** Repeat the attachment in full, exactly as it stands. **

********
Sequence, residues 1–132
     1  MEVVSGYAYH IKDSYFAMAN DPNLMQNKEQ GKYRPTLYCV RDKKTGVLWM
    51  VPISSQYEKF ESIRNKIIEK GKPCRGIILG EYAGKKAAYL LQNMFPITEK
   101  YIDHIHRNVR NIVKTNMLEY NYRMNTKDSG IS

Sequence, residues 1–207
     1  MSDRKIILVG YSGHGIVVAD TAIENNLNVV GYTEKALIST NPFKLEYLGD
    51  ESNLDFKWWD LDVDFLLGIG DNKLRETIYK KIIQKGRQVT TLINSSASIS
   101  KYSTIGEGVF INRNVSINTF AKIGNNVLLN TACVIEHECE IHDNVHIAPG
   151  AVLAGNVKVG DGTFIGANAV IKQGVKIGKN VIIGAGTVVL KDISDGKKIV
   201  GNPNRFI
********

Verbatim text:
Sequence, residues 1–132
     1  MEVVSGYAYH IKDSYFAMAN DPNLMQNKEQ GKYRPTLYCV RDKKTGVLWM
    51  VPISSQYEKF ESIRNKIIEK GKPCRGIILG EYAGKKAAYL LQNMFPITEK
   101  YIDHIHRNVR NIVKTNMLEY NYRMNTKDSG IS

Sequence, residues 1–207
     1  MSDRKIILVG YSGHGIVVAD TAIENNLNVV GYTEKALIST NPFKLEYLGD
    51  ESNLDFKWWD LDVDFLLGIG DNKLRETIYK KIIQKGRQVT TLINSSASIS
   101  KYSTIGEGVF INRNVSINTF AKIGNNVLLN TACVIEHECE IHDNVHIAPG
   151  AVLAGNVKVG DGTFIGANAV IKQGVKIGKN VIIGAGTVVL KDISDGKKIV
   201  GNPNRFI